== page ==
To pave, or not to pave?

What remains to be done sometime in 2012 involves the paving of West End road. Some people have never liked the idea of a paved road in the first place and believe that the road paving is still not certain. “Property owners-islanders–believe pavement signifies progress; but many business owners–foreigners who live off tourism and tourists as well–like the unpaved road,” says Taylor. “The biggest problem is the washboards, but they should be eliminated once storm water is dealt with.”

There are plenty of West End residents who would like to see the character of West End as a sand–really dirty sand in reality–road preserved. “In the US people see plenty of paved roads. They like seeing something different here, as long the road is maintained,” said Manuel Chavez, resident of Barrinche.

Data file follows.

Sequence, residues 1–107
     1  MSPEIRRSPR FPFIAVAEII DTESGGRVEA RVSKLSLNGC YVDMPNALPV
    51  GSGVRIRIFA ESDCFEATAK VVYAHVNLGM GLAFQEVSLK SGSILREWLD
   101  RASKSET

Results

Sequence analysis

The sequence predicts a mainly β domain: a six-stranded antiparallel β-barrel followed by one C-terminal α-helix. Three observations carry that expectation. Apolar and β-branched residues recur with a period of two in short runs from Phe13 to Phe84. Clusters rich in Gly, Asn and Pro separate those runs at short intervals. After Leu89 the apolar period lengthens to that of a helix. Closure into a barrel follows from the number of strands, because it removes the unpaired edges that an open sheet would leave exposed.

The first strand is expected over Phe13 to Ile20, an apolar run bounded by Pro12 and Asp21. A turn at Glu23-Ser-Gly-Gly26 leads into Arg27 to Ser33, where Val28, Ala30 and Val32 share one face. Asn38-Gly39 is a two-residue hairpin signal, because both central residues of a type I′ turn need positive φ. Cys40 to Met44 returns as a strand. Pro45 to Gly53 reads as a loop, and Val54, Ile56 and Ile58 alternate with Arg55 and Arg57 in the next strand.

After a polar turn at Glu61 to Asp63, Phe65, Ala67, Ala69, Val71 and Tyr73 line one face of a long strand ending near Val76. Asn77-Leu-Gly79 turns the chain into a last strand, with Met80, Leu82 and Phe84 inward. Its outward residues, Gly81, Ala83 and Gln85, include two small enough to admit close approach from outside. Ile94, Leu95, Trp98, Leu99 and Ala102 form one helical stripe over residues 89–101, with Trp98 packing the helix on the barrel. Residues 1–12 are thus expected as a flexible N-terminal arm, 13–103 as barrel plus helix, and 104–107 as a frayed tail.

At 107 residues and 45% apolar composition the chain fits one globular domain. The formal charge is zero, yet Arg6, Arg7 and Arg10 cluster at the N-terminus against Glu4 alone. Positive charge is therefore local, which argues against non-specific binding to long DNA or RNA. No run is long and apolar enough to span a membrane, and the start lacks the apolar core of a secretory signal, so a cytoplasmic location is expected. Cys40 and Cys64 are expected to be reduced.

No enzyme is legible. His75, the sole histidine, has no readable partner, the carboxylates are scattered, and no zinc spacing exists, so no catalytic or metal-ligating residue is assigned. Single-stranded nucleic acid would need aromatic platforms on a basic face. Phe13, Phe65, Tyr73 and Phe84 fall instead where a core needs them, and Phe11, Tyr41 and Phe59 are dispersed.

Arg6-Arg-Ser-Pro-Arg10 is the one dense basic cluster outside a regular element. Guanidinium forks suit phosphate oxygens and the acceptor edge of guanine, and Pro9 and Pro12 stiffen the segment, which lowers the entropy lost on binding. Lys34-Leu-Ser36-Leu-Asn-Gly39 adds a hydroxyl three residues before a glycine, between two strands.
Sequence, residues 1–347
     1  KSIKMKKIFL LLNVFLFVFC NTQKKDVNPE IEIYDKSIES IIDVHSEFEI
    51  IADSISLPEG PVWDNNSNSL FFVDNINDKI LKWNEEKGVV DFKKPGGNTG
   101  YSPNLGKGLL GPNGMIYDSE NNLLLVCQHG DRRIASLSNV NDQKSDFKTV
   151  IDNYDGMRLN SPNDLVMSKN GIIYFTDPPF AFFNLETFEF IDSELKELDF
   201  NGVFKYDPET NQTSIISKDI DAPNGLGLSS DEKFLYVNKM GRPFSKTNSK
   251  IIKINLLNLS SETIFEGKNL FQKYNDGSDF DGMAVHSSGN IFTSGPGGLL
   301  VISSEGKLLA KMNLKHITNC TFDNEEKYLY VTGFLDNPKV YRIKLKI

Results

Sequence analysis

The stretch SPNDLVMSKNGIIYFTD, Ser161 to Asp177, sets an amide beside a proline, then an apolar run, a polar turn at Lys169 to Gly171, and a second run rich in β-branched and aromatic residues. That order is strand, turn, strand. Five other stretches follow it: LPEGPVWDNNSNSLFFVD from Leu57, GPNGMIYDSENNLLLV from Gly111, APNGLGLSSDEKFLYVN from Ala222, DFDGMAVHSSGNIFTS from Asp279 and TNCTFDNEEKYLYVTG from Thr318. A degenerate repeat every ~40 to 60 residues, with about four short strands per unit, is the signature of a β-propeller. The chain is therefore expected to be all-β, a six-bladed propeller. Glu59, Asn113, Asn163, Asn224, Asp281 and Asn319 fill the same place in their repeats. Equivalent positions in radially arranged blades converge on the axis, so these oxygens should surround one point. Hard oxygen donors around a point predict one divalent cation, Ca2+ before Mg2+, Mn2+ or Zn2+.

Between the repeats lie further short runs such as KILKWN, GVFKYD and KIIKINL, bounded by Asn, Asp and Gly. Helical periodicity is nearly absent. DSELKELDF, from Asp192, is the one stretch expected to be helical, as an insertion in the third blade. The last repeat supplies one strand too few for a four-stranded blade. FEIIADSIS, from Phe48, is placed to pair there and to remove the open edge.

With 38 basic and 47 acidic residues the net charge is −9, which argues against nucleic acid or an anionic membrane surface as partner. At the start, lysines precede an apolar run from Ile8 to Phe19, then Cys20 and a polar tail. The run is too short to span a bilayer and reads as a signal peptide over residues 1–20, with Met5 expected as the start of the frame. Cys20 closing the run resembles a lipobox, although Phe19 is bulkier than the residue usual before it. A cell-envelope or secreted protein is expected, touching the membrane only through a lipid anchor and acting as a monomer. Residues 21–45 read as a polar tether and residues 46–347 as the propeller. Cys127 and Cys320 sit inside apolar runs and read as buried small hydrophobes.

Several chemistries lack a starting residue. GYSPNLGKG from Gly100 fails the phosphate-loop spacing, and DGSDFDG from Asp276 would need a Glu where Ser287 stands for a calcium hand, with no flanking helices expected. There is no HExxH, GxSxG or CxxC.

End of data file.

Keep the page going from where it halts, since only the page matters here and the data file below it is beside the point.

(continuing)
“The monthly upkeep of the [unpaved] road would cost $10,000, that would not justify the expense of spending a million dollars on [paving] it and the road would loose its character,” says Robbert Hin, owner of Blue Marlin. Hin expects to pay $200 a month for around nine years for the project. His property, a bar and restaurant, has a 15-meter frontage on West End road. “We will ruin this community with the road. The rents will become higher and businesses will go out of business,” said Hin.

There are plenty of voices looking forward to a hard top road. “It takes me as long to drive to Coxen Hole as it does to drive to my Uncle Foster’s place,” says Bush, about the traffic and road condition of the 700-meter road stretch in West End. He exemplifies the view of many in West End who see the infrastructure project and paved road as welcomed progress. “The road paving is really going to benefit everybody. It’s 15 years overdue.” [/private]